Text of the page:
Information about the FSK
The FSK is a Self-Regulatory Body for the legally regulated protection of youth and minors. In a system of Co- Regulation it works together with the highest authorities of the federal states (Oberste Landesbehörden, OLB). Its task is to estimate the effects that films, DVDs, Blu-ray Discs and videos might have on children and adolescents, and to rate the material according to its suitability for different age groups. The legal basis for the work of the FSK are clauses 11, 12 and 14 of the Law for the Protection of Youth in Public Places (JuSchG).
§ 14 JuSchG: Labelling of films as well as of film and play programmes "Films as well as film and play programmes which might potentially impair the development and education of Children and Adolescents to responsible personalities in society shall not be released for that age group."
In principle, children and adolescents under 18 years are not allowed to attend public screenings. Before a film can be made accessible to children and adolescents it has to be passed by the OLB. Finally, films which are likely to be physically, mentally or morally harmful to children and adolescents may not be declared suitable for public screening at all.
Any film may be given one of the following five ratings:
1) Suitable without age restriction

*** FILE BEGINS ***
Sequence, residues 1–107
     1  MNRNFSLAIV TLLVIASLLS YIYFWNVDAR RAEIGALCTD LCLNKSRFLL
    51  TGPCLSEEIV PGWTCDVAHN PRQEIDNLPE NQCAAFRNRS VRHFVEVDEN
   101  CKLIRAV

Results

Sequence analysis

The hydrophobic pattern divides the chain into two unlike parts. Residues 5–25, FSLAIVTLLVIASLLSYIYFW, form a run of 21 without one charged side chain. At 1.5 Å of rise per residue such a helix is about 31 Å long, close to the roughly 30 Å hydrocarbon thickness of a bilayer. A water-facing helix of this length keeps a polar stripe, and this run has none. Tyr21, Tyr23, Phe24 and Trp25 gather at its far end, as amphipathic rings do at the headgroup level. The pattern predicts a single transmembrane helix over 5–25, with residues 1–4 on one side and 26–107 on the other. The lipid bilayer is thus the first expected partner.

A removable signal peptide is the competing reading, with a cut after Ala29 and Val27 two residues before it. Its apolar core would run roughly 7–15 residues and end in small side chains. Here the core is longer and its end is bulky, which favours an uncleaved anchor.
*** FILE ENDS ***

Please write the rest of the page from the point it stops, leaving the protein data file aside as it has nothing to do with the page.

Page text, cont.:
2) Suitable for persons over 6 years
3) Suitable for persons over 12 years and children over 6 years when accompanied ba a parent
4) Suitable for persons over 16 years
5) Not to be shown to persons under 18 years (Keine Jugendfreigabe)
Each film or play program submitted to the FSK to be released in cinemas, on DVD, Blu-ray, VHS etc. is viewed by the Juvenile Examination Board. The members evaluate each film with respect to its potential effects on children and adolescents. After discussing their results the Examination Board takes a vote on the final rating of each film. Decisions are based upon simple majorities.
In their discussion and evaluation of films the working committee is guided by the following questions: In what ways could a film possibly affect children and adolescents? Why might it have these effects on minors? And would the material have different effects on minors of different age groups? In order to answer these and related questions it is important to recognize that the audio-visual medium has become an integral part in the socialization of young people. In order to appreciate the complex role the audio-visual medium plays in the lives of young people one also has to bear in mind that visual perception is not a passive process but involves an intellectual activity which is likely to affect the overall behaviour and attitudes of a young person.
The discussions of the working committee focus on two questions, namely
(a) What is the subject matter of the film? and
(b) In what form is this subject matter presented? These two questions result in
(c) What kind of effect does the film have on the viewer?
Of course, there can be no objective answer since the parameters involved are extremely complex. Age, social background, education, psychological disposition, sex, consumption habits are factors which vary from individual to individual and may yield very different responses to one and the same film. The evaluation process is further complicated by the fact that the age groups used by the FSK are a legal construct and do not correspond to the stages in a child’s cognitive development as they have been postulated by developmental psychologists.